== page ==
| Athens Festival 2006|
Manos Hadjidakis: Music and songs from the cinema at the Odeon of Herod
The Hellenic Festival opens officially its Athens Festival for 2006 with a tribute
to Manos Hadjidakis, the prolific and extremely popular composer of Greek music who first appeared on the musical scene in
the late 40's. The concert opens with a cinematographic suite featuring orchestral music in orchestration by Nikos Kypourgos
while the Enarmonia orchestra is conducted by Loukas Karytinos. The second part includes songs that Hadjidakis wrote for Greek
and foreign films, which are interpreted by Elefhteria Arvanitaki and Vassilikos. At the Odeon of Herod Atticus, Thursday
and Friday, June 1-2, 2006.
Manos Hadjidakis first appeared on the Greek musical scene in the late 40's. His first works include music for the Art Theatre of Karolos
Koun. Beginning in 1946, Hadjidakis went on to write the score for a great number of Greek and foreign films including "Counterfeit
Sovereign" (Yorgos Tzavellas, 1954), "Stella" (Michael Cacoyannis, 1955), "The Rapist" (Nikos Koundouros, 1956), "Madalena"
(Dinos Dimopoulos, 1960), "In the Cool of the Day" (Robert Stevens, 1962), "America-America" (Elia Kazan, 1962), "Blue" (Silvio
Narizzano, 1967), "Sweet Movie" (Dusan Makavejev, 1974), "Honeymoon" (Yorgos Panousopoulos, 1978), "Memed my Hawk" (Peter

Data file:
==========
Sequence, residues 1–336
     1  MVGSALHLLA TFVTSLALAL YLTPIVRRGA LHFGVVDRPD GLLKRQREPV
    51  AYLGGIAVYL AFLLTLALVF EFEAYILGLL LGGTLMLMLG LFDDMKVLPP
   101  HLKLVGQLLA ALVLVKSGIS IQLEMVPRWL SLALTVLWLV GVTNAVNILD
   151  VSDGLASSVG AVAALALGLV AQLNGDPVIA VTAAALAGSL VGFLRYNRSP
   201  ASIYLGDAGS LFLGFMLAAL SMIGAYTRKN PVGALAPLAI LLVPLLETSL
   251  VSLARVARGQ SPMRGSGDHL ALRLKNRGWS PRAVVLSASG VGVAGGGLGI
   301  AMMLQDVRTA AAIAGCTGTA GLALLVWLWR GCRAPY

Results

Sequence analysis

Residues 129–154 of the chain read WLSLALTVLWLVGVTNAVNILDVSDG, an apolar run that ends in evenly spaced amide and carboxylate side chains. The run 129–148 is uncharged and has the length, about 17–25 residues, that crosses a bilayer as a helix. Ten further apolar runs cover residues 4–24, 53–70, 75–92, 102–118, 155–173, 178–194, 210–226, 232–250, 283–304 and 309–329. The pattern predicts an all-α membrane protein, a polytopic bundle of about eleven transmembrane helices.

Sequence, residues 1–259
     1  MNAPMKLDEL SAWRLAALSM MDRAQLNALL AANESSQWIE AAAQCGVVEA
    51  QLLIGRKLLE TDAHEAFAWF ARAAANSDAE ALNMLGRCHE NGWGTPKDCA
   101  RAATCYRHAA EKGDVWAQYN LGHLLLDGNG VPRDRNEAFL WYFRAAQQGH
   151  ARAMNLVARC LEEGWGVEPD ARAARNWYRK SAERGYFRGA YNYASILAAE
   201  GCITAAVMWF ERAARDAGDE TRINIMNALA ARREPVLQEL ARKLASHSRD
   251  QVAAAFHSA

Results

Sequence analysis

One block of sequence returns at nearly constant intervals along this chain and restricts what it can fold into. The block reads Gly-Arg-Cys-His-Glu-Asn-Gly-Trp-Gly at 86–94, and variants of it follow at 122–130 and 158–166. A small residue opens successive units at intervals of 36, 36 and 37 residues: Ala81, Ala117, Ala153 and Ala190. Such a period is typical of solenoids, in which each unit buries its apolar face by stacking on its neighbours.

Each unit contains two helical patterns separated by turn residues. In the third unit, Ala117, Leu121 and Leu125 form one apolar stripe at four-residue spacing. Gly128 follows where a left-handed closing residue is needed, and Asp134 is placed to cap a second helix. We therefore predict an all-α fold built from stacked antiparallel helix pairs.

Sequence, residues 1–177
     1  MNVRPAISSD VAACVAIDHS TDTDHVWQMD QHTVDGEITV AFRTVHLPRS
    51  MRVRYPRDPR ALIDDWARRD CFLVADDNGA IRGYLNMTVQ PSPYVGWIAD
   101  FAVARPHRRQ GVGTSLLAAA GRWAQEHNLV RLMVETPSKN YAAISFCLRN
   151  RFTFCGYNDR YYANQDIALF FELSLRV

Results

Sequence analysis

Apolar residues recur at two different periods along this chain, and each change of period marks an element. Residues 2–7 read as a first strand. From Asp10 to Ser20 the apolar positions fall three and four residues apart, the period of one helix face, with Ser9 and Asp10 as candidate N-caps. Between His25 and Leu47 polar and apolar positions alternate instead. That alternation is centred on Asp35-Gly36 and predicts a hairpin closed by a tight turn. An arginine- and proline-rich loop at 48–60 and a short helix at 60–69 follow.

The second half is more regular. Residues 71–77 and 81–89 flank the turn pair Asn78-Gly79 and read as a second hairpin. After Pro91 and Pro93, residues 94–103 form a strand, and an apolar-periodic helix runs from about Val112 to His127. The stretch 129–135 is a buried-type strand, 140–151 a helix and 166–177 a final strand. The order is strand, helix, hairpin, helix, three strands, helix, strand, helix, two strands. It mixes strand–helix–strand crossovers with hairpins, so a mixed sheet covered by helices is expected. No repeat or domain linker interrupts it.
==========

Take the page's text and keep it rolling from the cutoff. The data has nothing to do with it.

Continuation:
Ustinov, 1983), "Quiet Days of August" (Pandelis Voulgaris, 1992), etc. In 1977, he wrote the music for the documentaries
"A la Recherche de l' Atlantide I" and "A la Recherche de l' Atlantide II" by Jacques Cousteau.
His musical genius
was evident from his very first works and soon he became one of Greece's eminent composers, who together with Mikis Theodorakis
are considered the founders of a Contemporary "School" of Greek Music.
The music of Manos Hadjidakis is characterised
by his beautiful melodies, wonderful orchestrations and a great sense of perfection. His works include ten cycles of songs,
film music (he won an Academy Award for his song "Never on Sunday" in 1961), music for the theatre as well as symphonic music.
His love for "pure beauty", which he found in the "Rebetica Songs" resulted in two great LP's based on the Rebetica
Songs, "Lilacs on the Dead Earth" and "Cruel April of 1945".
He shook up the conservative musical circles of the post war
era with his famous speech on the "Rebetica Songs" which were considered underground till that time.
During the last
years of his life he founded a symphony orchestra dedicated to music not usually played by other major symphony orchestras
either because of their conservatism or programming considerations to attract a full audience. The orchestra is called "Orchestra
of Colors" and is still in existence continuing his legacy.